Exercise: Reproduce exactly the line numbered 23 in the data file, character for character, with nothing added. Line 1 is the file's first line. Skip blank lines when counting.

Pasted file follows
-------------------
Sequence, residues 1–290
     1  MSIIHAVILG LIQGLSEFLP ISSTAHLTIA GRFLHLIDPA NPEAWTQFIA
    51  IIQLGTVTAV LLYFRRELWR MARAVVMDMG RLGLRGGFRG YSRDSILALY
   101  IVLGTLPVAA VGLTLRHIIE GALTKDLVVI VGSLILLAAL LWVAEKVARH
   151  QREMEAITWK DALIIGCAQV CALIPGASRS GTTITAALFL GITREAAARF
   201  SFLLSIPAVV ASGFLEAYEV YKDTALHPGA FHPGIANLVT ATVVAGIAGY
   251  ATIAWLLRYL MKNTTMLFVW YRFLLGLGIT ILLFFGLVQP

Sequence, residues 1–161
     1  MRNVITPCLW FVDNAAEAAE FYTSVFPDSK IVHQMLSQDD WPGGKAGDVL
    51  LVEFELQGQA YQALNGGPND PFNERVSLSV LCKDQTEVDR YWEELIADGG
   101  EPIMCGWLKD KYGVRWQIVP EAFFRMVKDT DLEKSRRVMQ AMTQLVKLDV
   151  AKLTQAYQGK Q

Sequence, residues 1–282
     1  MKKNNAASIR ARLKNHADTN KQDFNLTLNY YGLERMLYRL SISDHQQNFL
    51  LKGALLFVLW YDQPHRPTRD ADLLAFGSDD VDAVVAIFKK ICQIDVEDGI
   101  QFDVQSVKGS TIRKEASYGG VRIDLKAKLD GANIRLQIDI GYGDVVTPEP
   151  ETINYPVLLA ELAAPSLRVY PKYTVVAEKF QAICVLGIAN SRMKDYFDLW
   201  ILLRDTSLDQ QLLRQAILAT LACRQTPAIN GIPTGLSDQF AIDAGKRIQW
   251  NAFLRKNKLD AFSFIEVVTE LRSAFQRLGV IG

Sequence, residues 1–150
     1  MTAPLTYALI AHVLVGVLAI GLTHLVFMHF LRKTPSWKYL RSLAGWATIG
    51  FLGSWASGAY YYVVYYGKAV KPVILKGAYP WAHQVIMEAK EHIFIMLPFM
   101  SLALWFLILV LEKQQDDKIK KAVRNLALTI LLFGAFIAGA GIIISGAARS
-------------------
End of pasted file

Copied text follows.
   101  SLALWFLILV LEKQQDDKIK KAVRNLALTI LLFGAFIAGA GIIISGAARS